• Composed of school counseling practitioners and leaders in PK-12 schools in Tennessee

    • Participant driven, with participants identifying session topics based on their needs and serving as presenters to share strategies, materials, programs and technology that have been successful for them

    • Scheduled based on input from school counselors to identify optimal dates for sessions

    • Beneficial for districts with fewer resources and staff to support professional development

    • Promoting professional support networks and individual contacts across districts which is beneficial for specialized practitioners

    • Available at no to low cost for participants

    The dates for the School Counselor Collaborative Summer Academy will be June 23-24, 2020, at Middle Tennessee State University. This year’s focus will be “The Dysregulated Child.” Beginning in 2020-2021, CEM will offer multiple professional development sessions throughout the school year. The sessions will be recorded and available for all school counselors across the state to access at any time.

    TSCA is committed to providing high-quality professional development for school counselors across Tennessee, and we are excited to partner with CEM at MTSU to make this commitment a reality! Check out the TSCA website and social media for future details.

    Present to Inspire, Empower, Embrace

    National Center for Youth Issues (NCYI) is looking for presentations for the School Counselor and Administrator Leadership Institute (SCALI) that will help to build the capacity of Tennessee school counselors and administrators to help our students be ready for the next step on their academic and social/emotional journey.  NCYI will convene a committee to review and select Institute sessions. You will be contacted by NCYI, the organization managing this Institute, to let you know if your proposal is accepted. The deadline for submission is May 15, 2020.  Learn more and submit your proposal

    Mark your calendar for the Tennessee SCALI: September 13-15, 2020. Join TSCA to be inspired, empowered and embraced!

    ACES: The Role of Life Experiences in Shaping Brain Development

    Childhood experiences, both positive and negative, have a tremendous impact on our lifelong health and opportunity. So, early experiences are an important public health issue. Adverse Childhood Experiences (ACEs) can put young people at significant risk for substance use disorders and can impact prevention and substance use recovery efforts.

    This is a one-hour training by public health experts in Tennessee on their curriculum Building Strong Brains: The Role of Life Experiences in Shaping Brain Development. It’s an insightful approach community and education leaders can implement to increase protective factors and reduce the impact of ACEs for children and adolescents.

     Visit additional ACEs resources. Building Strong Brains is supported by an investment of the Tennessee Department of health and its partners including the School of Social Work, University of Memphis.

    Help for Middle Tennessee

    As you know many of our colleagues and students were recently impacted by the deadly tornados in Middle TN. Anyone wishing to help tornado victims can make a donation to the Community Foundation Emergency Response Fund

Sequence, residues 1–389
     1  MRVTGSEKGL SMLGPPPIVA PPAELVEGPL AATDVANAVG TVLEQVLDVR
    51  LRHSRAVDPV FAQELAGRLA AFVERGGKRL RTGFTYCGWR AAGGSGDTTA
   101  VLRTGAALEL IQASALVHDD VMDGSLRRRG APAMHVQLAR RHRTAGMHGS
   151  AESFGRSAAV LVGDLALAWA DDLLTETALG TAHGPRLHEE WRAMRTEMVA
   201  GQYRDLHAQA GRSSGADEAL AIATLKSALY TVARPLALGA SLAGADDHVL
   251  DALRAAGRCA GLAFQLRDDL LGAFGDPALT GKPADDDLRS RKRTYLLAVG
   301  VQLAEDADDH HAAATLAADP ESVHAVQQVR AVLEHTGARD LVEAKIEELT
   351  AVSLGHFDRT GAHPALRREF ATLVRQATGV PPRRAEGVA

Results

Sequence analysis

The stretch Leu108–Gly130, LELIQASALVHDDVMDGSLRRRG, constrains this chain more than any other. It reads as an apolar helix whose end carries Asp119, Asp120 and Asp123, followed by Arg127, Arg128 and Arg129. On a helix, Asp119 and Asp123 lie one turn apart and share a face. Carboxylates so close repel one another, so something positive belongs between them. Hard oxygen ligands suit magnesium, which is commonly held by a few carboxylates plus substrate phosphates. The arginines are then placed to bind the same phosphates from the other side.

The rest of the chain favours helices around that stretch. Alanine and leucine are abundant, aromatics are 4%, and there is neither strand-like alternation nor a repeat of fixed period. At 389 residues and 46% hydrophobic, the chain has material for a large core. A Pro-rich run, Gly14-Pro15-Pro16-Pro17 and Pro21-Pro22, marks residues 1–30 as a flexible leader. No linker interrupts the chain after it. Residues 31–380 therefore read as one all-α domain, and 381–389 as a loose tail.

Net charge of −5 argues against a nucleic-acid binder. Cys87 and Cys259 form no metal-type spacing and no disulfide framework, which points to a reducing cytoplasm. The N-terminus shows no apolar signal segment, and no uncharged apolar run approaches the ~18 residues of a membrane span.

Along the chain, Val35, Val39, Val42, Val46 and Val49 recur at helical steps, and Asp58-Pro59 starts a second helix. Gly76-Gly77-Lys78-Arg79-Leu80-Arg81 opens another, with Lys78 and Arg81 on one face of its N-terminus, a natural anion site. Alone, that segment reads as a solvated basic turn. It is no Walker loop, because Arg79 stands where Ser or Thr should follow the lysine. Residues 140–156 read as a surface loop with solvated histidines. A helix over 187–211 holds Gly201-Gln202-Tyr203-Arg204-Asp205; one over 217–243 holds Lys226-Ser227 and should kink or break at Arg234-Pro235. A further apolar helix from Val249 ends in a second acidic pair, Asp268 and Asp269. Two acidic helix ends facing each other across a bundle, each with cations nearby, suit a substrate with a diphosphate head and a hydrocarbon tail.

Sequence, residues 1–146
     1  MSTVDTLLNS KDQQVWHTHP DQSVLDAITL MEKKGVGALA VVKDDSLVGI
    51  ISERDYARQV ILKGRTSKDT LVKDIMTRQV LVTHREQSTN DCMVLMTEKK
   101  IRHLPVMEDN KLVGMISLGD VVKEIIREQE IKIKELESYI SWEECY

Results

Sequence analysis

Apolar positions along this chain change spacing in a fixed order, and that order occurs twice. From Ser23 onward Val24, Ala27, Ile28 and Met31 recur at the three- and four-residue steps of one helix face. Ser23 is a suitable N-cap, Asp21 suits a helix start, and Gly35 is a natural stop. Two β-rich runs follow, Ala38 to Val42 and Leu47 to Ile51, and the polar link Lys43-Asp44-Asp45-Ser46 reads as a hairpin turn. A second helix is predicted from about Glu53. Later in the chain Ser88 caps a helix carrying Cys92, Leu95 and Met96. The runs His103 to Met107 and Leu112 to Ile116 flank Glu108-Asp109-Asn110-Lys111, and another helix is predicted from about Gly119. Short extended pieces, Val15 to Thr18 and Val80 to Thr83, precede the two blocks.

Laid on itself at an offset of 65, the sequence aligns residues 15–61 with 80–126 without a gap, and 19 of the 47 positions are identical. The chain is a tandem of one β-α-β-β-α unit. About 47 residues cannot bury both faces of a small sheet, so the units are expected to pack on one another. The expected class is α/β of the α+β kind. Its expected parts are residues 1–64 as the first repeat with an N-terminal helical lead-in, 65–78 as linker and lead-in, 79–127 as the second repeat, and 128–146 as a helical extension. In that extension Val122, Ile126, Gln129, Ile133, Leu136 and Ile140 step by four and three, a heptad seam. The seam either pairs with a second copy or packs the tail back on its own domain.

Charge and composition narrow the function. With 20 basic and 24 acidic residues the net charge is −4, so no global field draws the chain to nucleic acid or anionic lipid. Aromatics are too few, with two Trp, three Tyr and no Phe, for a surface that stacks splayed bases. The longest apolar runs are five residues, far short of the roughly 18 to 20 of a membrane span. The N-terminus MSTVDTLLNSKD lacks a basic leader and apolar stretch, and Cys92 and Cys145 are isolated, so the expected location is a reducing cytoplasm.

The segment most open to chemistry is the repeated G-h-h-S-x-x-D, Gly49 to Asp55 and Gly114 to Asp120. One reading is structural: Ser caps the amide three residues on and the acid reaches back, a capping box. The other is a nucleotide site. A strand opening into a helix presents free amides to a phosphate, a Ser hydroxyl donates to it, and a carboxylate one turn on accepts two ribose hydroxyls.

• January 05, 2020 3:47 PM | Anonymous

    The School Counselor’s Guide to Surviving the First Year offers a comprehensive look into the first-year school counseling experience. 

    This practical guide includes topics from internship to professional development from an intimate perspective within the context of real-life scenarios. Drawing from personal experiences, journal articles, textbooks, and excerpts by numerous professional school counselors, it fuses what a school counseling trainee learns in their graduate program and the field experience they get into one unique guide. Emphasizing hands-on approaches, this volume offers personal as well as professional steps toward success in the ins and outs of counseling. 

    This book is a valuable toolkit for the developmental journey of school counselors in-training and beginning school counselors.

    Interested in purchasing? You can find the book at:


  • January 01, 2020 9:01 PM | Anonymous

    Dear TSCA members,

    This past year the executive board of TSCA took the courageous step of becoming their own independent organization. 

    This change parallels the transitions made by our national associations, the American School Counseling Association and the American Counseling Association. Over time, the two organizations evolved to the point where a more independent relationship makes sense. Currently, there are only 10 states that are still affiliated with their state counseling association and of that, only 4 that have a financial connection.

    As the role of a School Counselor evolves, TSCA is evolving with it. We are devoted to meeting the unique needs of School Counselors in TN while maintaining our invaluable relationship with the professional counselors in our state.

     With the recent changes at the state DOE in regards to School Counseling, we are also committed to staying on top of any proposed bills or policies that may impact our profession. Many states, with guidance from ASCA, organize a day on the hill to advocate for School Counselors. In fact, states such as Arizona have been very successful in lobbying for School Counselors with guidance from ASCA. If this is something you are interested in doing with us, we would love to have you help us.